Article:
“All day I’ve faced the barren waste without the taste of water, cool water.”
In many ways humans and nature are at odds despite our need for the resources it provides. As a whole, humans deplete the resources available to them. The most precious being water, due to the fact that fresh water sustains the very life we live.
75 percent of the Earth is covered in water, but of that only two percent is drinkable. On top of that, the human population is increasing exponentially. Even with recent reductions in global population growth, the latest United Nations projections put the population at 9.7 billion by the year 2050. This predicted increase of 2.4 billion people questions the efforts we are making to preserve our natural resources.
During my time in Namibia, I have learned much about the country’s limited water resources. While the state of Texas has more permanent access to water, both regions have implemented similar practices to preserve the water present in their semi-arid climates.
As of July 22, over 700 public water supply systems in Texas were under mandatory water restrictions. In the state capital, Austin, residential and commercial lawns can only be watered weekly. Anyone not following these restrictions is subject to penalties up to $500 for residential violations and $2,000 for commercial violations. While these measures have a positive effect on preservation, in areas where water is plentiful, people remain unaware of the voluntary actions they could implement to conserve water.
In contrast to Texas, conservation is written into Namibia’s constitution. Insecure access to water caused the government to establish a state owned enterprise called NamWater, which provides water to municipalities, mining companies and private landowners.
As a consequence of piping NamWater throughout parts of the country, private landowners can apply for ‘take-off’ points. Although this is not common, I had the privilege of visiting a private farm that currently has a NamWater pipeline through its land. Farm Habis, owned by Dr. Herbert Schneider, has four ‘take-off’ points from the pipeline. This available NamWater is used during droughts at a set price, but a majority of water on the farm comes from his private boreholes at no cost.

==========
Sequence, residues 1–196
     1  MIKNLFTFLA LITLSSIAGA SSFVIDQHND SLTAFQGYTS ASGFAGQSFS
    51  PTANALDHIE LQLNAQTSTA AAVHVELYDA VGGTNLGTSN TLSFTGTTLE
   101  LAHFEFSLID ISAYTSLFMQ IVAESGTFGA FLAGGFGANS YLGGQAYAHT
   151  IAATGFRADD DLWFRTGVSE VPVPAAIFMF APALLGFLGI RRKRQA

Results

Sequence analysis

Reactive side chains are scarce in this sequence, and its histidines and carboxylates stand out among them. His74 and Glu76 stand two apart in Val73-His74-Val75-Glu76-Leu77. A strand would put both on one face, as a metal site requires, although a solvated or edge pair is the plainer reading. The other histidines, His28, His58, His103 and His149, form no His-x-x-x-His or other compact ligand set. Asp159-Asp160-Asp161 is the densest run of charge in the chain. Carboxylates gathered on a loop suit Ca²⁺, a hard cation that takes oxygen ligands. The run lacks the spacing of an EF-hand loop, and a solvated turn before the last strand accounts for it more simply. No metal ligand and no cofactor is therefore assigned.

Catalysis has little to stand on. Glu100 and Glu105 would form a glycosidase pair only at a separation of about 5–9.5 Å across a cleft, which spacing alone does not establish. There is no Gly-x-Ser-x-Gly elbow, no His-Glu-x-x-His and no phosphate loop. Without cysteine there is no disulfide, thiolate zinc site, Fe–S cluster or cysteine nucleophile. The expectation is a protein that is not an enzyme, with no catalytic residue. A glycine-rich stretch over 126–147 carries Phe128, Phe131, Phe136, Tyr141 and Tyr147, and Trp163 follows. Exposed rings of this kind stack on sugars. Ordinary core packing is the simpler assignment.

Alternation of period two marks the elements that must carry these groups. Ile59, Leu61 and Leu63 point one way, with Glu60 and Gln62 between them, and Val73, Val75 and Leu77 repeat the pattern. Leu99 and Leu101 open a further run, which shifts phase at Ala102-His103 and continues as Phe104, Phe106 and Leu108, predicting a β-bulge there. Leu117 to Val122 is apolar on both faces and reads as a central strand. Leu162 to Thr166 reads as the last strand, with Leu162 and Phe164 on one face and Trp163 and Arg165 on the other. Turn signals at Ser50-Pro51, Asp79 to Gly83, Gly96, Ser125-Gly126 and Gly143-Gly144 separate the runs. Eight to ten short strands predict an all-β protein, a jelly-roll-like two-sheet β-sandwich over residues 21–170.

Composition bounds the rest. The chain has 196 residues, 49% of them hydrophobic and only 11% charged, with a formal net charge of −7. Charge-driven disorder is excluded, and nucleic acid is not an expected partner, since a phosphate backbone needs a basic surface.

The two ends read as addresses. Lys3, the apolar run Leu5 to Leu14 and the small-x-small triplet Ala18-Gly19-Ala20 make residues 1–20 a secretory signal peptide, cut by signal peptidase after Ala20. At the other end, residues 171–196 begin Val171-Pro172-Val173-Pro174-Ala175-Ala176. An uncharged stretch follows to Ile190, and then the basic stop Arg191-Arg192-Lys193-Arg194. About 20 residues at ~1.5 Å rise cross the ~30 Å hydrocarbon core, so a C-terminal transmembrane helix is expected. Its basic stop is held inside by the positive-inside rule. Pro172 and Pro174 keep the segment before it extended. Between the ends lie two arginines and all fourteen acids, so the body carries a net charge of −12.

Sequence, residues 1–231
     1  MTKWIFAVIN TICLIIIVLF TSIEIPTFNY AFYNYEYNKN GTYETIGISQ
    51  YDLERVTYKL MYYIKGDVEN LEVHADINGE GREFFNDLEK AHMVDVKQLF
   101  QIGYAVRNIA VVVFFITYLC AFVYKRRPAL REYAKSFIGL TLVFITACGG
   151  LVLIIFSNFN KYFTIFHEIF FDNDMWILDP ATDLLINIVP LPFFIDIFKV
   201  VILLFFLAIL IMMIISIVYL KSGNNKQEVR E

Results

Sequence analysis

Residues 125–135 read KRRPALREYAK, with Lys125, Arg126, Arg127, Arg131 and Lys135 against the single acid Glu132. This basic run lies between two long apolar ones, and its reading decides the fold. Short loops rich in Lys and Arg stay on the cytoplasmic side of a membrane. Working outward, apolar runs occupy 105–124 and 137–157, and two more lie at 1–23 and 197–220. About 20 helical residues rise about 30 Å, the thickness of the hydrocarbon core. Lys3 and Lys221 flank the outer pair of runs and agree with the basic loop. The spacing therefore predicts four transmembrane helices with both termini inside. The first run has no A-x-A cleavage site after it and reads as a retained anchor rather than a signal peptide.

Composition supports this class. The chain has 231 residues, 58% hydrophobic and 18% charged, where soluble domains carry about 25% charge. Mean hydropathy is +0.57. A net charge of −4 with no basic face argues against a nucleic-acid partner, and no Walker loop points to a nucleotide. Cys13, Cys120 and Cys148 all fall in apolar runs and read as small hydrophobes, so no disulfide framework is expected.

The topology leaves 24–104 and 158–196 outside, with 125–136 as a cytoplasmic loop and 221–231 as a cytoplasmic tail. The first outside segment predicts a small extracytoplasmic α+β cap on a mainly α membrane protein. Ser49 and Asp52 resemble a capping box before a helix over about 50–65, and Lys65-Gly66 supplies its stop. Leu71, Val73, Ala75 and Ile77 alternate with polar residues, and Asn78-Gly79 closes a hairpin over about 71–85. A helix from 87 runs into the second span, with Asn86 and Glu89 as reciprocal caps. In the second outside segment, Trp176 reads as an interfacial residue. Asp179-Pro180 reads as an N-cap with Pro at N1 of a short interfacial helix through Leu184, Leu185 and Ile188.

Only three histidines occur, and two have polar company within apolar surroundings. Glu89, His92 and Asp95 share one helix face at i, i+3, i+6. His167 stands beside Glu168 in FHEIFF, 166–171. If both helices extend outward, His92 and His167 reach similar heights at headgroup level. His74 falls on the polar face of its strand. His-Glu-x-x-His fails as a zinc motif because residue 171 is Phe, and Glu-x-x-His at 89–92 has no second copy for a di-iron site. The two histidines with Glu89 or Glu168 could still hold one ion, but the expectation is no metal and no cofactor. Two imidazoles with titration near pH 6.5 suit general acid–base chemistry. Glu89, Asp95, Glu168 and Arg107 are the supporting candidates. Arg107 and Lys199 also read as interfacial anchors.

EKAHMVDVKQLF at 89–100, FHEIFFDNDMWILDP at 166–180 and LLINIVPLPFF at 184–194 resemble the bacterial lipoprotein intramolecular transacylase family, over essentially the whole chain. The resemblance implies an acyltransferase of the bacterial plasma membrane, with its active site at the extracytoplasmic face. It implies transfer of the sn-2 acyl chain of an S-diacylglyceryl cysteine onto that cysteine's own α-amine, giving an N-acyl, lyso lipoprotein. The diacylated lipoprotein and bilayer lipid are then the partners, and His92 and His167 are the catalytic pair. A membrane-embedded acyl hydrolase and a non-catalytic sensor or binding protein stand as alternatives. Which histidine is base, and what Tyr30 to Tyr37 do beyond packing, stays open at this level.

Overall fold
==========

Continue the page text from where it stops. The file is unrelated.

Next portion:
Windhoek, the country’s capital, is the largest city in Namibia, boasting a population of approximately 300,000. Most of the city’s water is supplied by a dam that is 70 km north. Throughout the year as the water level lowers restrictions are imposed through municipal bi-laws. These include regulations similar to Austin’s, along with covering pools and washing cars with buckets instead of hoses. As the dam water decreases the prices increase per cubic meter, which are staggered to prevent the wealthy from using excessive water.
As a part of water preservation, the city releases information that provides the dam’s current water level. This information is available through local news outlets and video billboards. In this way, residents are aware of potential water restrictions. Other communication measures include notifying foreign guests of the need to conserve water. Flyers encouraging sparse use of water were present in many of the lodges I visited.
Regulation of water is becoming common, but is it enough? As simple as it sounds, communication is one of the key factors to ensure the future availability of water. I believe Namibia’s efforts to be informative about water levels is a practice Texas would be wise to implement. Though regulation may help alleviate the problem, communicating the importance of preserving our natural resources is key. Perhaps, Bob Nolan realized the significance of water while writing the song Cool Water.
“Like me I guess he’d like to rest where there is no quest for water, cool, clear water.”
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